On the cool evening of September 25, 1941, Lawrence and Conant met at the home of Chicago physics professor Arthur Holly Compton, another Nobel laureate. Their conversation took scarcely more than an hour. But when it was over, America's wartime planning, and the lives of all three men, had been set on a new course. The country was on its way to building the atomic bomb.

Lawrence began by repeating what he had learned from Oliphant and went on to describe unexpectedly significant discoveries made at his Berkeley lab, including the isolation of element 94, soon to be dubbed "plutonium," which could be made from a chain reaction in uranium-238 and then chemically separated to form the core of a fission bomb. The lab had also made important strides in the physical separation of U-235, the fission-prone but rare isotope of uranium, from U-238. He communicated the conviction of the refugee physicists in the U.K. that the Nazis might be developing their own atomic bomb to decide the war. "If they succeed first," he warned, "they would have in their hands the control of the world." (In fact, the Nazi scientists got the physics of the bomb wrong, and never pursued a serious program -- but the Allies did not learn that until after the war.)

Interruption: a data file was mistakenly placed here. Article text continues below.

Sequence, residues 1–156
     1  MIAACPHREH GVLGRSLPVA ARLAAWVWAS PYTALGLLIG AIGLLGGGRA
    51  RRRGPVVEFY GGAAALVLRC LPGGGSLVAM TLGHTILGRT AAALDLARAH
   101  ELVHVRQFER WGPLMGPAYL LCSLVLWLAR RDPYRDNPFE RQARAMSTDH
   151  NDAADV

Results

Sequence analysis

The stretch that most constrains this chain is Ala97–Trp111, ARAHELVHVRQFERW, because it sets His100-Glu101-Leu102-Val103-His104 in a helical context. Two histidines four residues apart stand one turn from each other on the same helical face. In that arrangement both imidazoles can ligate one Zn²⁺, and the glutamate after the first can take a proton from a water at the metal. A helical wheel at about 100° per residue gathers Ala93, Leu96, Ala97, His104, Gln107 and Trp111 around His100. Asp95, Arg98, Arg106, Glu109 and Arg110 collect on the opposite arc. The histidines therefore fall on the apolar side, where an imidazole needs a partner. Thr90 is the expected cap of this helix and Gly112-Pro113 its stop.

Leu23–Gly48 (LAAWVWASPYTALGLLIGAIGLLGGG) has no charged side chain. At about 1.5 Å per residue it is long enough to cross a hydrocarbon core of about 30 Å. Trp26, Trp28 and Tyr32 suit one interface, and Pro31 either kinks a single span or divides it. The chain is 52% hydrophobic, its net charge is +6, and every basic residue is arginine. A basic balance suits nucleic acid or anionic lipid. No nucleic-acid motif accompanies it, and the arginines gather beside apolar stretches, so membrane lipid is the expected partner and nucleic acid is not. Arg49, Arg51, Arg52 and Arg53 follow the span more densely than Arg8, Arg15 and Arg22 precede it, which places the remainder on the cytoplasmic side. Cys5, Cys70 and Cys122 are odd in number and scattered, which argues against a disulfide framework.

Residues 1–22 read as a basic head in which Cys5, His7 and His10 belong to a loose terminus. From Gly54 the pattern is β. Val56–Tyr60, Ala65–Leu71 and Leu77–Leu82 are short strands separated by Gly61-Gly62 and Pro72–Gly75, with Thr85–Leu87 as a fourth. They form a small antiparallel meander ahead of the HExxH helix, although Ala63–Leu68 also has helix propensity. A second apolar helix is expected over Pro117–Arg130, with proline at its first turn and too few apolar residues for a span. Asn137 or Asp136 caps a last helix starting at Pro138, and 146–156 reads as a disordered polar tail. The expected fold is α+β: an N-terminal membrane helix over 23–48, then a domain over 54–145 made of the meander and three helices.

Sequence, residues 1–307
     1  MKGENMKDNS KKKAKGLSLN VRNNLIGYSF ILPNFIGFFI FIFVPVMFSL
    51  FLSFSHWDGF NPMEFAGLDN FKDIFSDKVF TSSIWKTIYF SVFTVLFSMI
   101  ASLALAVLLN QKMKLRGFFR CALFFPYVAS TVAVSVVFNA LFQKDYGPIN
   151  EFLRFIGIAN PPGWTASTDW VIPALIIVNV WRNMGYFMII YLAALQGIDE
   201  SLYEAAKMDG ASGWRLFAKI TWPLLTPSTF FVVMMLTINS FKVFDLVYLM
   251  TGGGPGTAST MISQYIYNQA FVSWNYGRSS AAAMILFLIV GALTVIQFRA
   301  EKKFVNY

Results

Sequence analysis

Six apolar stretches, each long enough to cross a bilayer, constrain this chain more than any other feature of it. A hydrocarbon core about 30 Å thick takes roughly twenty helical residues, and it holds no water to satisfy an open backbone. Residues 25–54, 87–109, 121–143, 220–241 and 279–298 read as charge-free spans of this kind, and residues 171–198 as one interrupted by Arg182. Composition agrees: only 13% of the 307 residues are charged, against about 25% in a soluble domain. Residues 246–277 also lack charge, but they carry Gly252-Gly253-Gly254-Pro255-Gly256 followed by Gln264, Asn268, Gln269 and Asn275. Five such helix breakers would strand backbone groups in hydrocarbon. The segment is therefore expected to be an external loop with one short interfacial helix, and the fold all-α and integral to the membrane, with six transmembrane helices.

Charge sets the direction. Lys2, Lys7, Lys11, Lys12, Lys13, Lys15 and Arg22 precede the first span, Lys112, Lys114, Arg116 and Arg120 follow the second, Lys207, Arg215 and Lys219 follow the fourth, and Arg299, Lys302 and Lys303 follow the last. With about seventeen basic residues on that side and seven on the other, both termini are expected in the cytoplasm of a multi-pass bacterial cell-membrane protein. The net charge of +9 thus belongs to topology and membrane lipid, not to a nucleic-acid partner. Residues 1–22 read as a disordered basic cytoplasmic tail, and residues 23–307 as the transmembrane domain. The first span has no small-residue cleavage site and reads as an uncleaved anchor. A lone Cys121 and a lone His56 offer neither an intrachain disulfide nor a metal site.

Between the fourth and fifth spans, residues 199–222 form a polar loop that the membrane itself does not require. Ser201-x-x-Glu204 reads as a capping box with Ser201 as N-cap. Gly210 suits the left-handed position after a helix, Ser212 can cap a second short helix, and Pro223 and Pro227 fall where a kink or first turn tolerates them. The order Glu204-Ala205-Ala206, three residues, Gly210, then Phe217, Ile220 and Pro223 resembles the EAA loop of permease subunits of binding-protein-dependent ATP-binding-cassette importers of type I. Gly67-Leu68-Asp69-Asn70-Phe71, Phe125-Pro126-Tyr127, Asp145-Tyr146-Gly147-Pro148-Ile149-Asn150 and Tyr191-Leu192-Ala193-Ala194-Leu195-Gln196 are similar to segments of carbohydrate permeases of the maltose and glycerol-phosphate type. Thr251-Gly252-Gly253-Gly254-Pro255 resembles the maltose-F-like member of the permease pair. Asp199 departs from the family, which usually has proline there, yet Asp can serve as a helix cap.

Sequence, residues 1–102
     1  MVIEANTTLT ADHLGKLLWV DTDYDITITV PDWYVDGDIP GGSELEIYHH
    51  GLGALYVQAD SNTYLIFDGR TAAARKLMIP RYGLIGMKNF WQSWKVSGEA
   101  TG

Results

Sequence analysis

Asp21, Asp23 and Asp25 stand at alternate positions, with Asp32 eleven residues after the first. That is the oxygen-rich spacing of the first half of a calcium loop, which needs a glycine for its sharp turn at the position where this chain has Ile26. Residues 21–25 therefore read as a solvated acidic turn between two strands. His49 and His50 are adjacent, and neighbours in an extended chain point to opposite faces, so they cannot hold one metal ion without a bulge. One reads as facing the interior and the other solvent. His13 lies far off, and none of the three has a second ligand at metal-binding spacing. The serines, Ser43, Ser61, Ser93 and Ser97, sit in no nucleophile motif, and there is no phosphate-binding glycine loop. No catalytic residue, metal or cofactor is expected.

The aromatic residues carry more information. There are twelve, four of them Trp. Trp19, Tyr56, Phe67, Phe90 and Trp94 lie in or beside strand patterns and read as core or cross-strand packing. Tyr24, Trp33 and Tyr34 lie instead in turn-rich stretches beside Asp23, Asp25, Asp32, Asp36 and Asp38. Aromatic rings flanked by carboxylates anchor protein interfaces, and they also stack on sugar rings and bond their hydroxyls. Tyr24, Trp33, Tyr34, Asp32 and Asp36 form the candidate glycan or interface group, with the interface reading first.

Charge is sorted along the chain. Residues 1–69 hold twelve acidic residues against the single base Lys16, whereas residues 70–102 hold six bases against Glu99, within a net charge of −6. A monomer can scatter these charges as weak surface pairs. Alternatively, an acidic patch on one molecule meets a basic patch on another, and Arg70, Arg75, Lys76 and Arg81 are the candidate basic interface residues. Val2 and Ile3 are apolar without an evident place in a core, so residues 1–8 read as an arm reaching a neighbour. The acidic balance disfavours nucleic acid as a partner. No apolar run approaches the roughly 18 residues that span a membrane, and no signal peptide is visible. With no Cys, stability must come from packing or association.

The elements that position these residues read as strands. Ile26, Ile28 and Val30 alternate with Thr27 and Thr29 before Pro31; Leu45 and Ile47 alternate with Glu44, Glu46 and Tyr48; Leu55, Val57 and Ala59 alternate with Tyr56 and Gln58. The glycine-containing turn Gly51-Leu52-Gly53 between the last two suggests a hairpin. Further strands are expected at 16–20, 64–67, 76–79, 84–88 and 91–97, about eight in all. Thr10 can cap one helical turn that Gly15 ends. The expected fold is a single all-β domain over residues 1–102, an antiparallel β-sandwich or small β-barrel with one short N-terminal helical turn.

Lawrence spoke forcefully, even passionately. Conant had come to Chicago still sharing Bush's skepticism about an atomic weapon. By the time the meeting was over, he had changed his mind.

But one thing still bothered him. No American physicists had seemed confident enough of the prospects for a bomb to have set aside their academic work and committed themselves to the work; that included Lawrence, who had been preoccupied with his big new cyclotron on the Berkeley hillside. Now Conant demanded that commitment.

"You put before me plans for making a definite, highly effective weapon," he told Lawrence. "But I'm here to tell you, nothing significant will happen on a job like this unless we get into it with everything we've got."

He looked Lawrence in the eye. "Ernest," he said, "you say you are convinced of the importance of these fission bombs. Are you ready to devote the next several years of your life to getting them made?"

Compton saw Lawrence freeze, his mouth half-open in surprise. His hesitation lasted only a moment. Then he replied: "Jim, if you tell me this is my job, I'll do it."